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Blood Coagul Fibrinolysis. 2014 Jan;25(1):6-9. doi: 10.1097/MBC.0b013e32836577c8.

Multicentric validation of a rapid assay for heparin-induced thrombocytopenia with different specimen types.

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  • 1aConsulting Diagnostics, Seefeld bInstitute of Experimental Haematology and Transfusion Medicine, University of Bonn, Bonn cInstitute for Clinical Immunology and Transfusion Medicine, Justus Liebig University, Giessen, Germany dDepartment of Blood Group Serology and Transfusion Medicine, Medical University Vienna, Vienna, Austria eDepartment of Experimental and Clinical Haemostasis, Haemotherapy and Transfusion Medicine and Hemophilia Comprehensive Care Center, Heinrich Heine University Medical Center, Düsseldorf fInstitute for Immunology and Transfusion Medicine, Ernst-Moritz-Arndt University Greifswald gCenter for Transfusion Medicine and Hemotherapy, University Hospital Giessen and Marburg, Marburg Campus, Marburg, Germany.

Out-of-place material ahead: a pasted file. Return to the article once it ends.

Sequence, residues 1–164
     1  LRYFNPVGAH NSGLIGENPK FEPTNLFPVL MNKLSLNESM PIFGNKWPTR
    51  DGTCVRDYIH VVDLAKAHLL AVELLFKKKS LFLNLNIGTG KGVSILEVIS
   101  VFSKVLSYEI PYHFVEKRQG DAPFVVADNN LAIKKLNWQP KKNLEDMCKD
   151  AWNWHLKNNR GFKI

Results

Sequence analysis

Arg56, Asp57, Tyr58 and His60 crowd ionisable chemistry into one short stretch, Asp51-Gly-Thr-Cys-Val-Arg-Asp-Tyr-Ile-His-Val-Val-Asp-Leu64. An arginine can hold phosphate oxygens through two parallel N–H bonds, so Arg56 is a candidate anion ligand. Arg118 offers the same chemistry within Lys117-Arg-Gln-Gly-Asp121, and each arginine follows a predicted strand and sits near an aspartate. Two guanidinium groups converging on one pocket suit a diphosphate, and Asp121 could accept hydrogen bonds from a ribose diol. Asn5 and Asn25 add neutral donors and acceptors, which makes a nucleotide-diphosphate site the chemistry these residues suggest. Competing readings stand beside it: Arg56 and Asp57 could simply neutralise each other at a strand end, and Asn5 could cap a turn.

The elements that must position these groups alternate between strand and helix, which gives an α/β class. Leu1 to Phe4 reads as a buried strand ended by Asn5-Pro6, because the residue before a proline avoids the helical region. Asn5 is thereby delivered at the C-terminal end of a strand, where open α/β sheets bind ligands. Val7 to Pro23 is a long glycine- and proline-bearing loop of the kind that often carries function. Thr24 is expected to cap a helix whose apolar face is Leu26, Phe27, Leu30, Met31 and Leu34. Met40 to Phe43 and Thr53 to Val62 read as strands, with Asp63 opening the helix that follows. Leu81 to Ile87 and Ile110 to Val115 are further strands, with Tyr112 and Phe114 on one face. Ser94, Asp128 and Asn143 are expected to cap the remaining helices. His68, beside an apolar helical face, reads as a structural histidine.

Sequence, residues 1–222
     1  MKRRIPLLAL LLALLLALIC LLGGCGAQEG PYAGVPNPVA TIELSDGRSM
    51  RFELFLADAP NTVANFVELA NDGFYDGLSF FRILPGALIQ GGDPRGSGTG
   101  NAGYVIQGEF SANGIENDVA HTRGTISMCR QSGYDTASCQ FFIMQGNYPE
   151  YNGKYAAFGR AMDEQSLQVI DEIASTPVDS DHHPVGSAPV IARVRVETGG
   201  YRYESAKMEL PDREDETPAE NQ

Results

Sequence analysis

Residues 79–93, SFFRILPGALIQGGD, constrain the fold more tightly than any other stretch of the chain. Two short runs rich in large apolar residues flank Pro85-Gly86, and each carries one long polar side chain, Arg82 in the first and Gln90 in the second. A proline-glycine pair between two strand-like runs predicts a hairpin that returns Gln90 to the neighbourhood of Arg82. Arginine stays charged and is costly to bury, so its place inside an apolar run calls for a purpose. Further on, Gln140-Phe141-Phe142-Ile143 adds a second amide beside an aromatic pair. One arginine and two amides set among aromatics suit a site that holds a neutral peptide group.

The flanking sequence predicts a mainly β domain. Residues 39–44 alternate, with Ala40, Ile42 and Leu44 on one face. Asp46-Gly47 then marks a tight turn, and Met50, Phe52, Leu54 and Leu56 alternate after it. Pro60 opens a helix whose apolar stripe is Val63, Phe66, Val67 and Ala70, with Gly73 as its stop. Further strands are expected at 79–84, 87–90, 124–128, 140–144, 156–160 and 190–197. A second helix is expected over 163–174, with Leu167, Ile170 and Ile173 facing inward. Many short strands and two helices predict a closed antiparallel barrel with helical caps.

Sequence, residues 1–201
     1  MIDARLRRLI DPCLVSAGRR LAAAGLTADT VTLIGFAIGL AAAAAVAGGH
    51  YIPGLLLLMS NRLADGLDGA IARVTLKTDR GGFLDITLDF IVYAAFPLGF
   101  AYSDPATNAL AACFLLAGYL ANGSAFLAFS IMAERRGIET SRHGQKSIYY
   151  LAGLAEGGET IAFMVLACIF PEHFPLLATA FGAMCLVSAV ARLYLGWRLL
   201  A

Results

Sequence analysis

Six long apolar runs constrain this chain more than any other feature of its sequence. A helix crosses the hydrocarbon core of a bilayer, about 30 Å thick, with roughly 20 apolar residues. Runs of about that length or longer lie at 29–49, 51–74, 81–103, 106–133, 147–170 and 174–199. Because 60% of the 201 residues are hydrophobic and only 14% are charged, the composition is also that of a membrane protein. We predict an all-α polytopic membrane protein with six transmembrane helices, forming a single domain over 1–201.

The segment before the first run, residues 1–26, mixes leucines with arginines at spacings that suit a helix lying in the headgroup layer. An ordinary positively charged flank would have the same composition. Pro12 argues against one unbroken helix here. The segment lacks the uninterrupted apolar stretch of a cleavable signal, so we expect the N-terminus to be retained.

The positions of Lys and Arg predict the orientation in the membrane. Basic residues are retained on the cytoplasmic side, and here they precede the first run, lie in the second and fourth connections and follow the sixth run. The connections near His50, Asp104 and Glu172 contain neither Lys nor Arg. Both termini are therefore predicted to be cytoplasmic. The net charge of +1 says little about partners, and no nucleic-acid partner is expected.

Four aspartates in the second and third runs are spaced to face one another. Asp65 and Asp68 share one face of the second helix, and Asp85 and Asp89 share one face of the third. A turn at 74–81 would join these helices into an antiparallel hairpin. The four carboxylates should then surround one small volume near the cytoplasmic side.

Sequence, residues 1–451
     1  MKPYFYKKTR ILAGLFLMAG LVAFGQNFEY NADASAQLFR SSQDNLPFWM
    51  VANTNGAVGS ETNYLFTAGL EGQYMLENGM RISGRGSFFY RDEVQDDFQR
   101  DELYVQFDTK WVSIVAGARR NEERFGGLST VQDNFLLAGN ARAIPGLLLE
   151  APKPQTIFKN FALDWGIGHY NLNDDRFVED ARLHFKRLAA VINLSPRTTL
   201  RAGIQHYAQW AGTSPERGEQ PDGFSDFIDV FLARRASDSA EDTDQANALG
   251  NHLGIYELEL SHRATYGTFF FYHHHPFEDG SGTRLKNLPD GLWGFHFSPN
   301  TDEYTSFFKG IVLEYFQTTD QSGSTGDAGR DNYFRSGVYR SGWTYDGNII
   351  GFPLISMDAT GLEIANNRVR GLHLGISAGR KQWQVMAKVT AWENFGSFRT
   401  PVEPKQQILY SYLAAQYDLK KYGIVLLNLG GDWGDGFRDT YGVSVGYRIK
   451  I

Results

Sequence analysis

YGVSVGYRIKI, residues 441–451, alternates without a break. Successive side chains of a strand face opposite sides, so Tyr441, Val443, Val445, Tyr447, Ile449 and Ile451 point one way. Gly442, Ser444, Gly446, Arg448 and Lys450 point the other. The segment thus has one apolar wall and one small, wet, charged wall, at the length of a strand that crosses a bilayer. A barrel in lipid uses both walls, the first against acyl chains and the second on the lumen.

The diagnosis of heparin-induced thrombocytopenia type 2 (HIT) requires a combination of clinical and laboratory data. Rapid exclusion of HIT is supported by sensitive immunoassays. Citrated plasma or whole blood are more often available in the laboratory, and may thus, have practical advantages as compared to serum. In this study, various specimens from patients with suspected HIT were compared using a rapid lateral flow immunoassay (LFI-HIT). Serum, citrated whole blood and plasma were obtained from patients in whom HIT was suspected (n = 211) and were tested with LFI-HIT and several other assays. The comparison of plasma vs. serum in 210 samples showed agreement of 93.6% and between whole blood and serum in 183 samples was 96.7%. All serum-positive cases were correctly detected in plasma. Comparison of samples, which were positive in one of the immunoassays with the functional test heparin-induced platelet aggregation assay revealed a negative predictive value of 98.4% for serum, 97.8% for plasma and 96.2% for citrated whole blood. Performance in whole blood was slightly inferior. These data demonstrate that plasma and serum can be used in LFI-HIT with equivalent performance and that negative test results in LFI-HIT exclude HIT with high probability. The use of whole blood is not recommended by the authors.

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